Nashville Coin & Currency, Inc.
"Nashville's Rare Coin Authority"™
7003 Chadwick Dr., Suite 154, Brentwood, TN 37027
Phone: 615-377-4949      888-291-7001

The Basics of Buying and Selling Precious Metals

The Spot Price.
The term "SPOT" refers to the current delivery price on futures contracts for precious metals. In other words, if you want to buy physical metal and take immediate delivery, then the "Spot" price would  apply. If you merely wanted to speculate on the metals and did not want to actually own the physical metal, then you could use the Futures Market to buy and sell metal on paper only. Paper Futures represent physical metal, but are very risky and not for the typical investor.  We will not go deeply into that, but understand that if the market turns against you, you could lose ALL of your paper investment. On the other hand, by owning the physical metal themselves, you only make or lose money when you sell them.  No one will call you for more margin money, and if you don't like the current prices, you are not forced to sell it. You just hold on until you decide to sell the metal.

When you look in the business section of the newspaper, you will often see quotes like
    August 2013 Gold  $xxxx.00
    July 2014 Gold $xxxx.00
    December 2014 Gold $xxxx.00

These are futures contracts for large amounts of metal where producers and heavy users of gold can "hedge" their positions for the future. As long as you sell your contract before it expires, you don't actually have to take possession of the metals. The nearest dated contract is the one that will be used to establish the "SPOT" price. There is often a small adjustment factor added to or subtracted from that month's futures to derive the SPOT price that the physical market will use.  It seems complicated, but rest assured that you can always call us up and just ask "what is the current spot price of gold (or silver, etc)?"

Now that we understand that the futures prices are only on paper and that the Spot price is for actual buying and selling of the physical metals, how do we know how much a particular gold coin will cost in relation to Spot?  Now the Premium comes into play. What quantity of pieces, and of what sized items, we are buying determines the Premium.  Most government mints that sell precious metals coins sell them in 4 or 5 sizes that range from 1/20 of an ounce, up to 1 full ounce. Common sense tells us that the cost to produce ten small 1/10 ounce coins will be greater than the minting cost to produce just one 1 ounce coin, even though we still end up with a net ounce of metal either way. So for practical sake, buying the larger size coins gives you the most metal for the money. The smaller coins are still useful though for rounding an amount purchased up or down, for jewelry use, or perhaps for bartering.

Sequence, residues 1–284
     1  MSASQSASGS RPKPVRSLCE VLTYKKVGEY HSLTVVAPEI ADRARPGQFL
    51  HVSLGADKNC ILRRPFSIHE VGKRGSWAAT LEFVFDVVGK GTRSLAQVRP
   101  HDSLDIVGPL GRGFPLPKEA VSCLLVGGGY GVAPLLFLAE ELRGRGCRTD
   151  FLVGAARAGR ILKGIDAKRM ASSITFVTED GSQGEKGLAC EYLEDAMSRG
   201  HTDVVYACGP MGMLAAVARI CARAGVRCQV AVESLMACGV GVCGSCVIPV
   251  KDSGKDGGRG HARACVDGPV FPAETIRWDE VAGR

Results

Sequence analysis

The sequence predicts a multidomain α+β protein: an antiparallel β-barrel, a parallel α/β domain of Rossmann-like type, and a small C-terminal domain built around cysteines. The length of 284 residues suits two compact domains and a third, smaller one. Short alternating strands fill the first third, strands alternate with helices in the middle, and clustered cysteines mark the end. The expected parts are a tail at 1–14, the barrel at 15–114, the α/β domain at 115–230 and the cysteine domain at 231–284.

The Premium.
The premium is an amount over the current spot metal price that covers:
1. the government's cost to take a huge bar of gold and mint the coin, plus a profit for its trouble,
2. shipping & insurance to get that coin from the mint to us, and
3. our profit margin.

For example, the premium on one 1oz gold eagle coin would be approximately 6%-7% for a small purchase. The more you buy, the less has to be added to each coin, so the premium right now may be as little as 3.5% over the spot metal price in larger quantities (50 ounces).

On silver, the premium is usually expressed as a fixed amount over the spot price. For instance, one 100oz silver bar may cost you one dollar per ounce over the spot price. Buying twenty of the 100oz bars may cost you only 75 cents over spot per ounce.

It is important to note a couple of things:
The premium itself may change with market conditions just like the spot price changes, and there is no guarantee the premiums will always be there. There have been instances in time where we have sold gold eagle coins for spot. On other coins such as South African Krugerrands, there may be a negative premium called a "discount" to spot. Even when there is a premium over spot when you buy, you can expect less when you are selling coins because the spread between the bid (buy) price and the ask (sell) price is how dealers make their profit on the transaction. With Nashville Coin & Currency, Inc., there are no other fees, commissions or sales charges. Orders that are shipped out of the State of Tennessee have postage & insurance added on, and orders delivered within the borders of Tennessee will have sales tax added on. Otherwise, that's it.

Buying precious metals is easy and confidential. Selling metals is equally easy and usually just as confidential. Government Regulations only require metals dealers to report when a customer sells a certain large quantity of metals (and of certain types of metals) that meet CFTC trading requirements. We will be happy to explain more about those certain limited items & quantities that would require reporting.

For more particular questions or information, please contact us anytime.
 

Back to Top

email us

NC&C Home Page

Copyright 2005,2013  NC&C, Inc.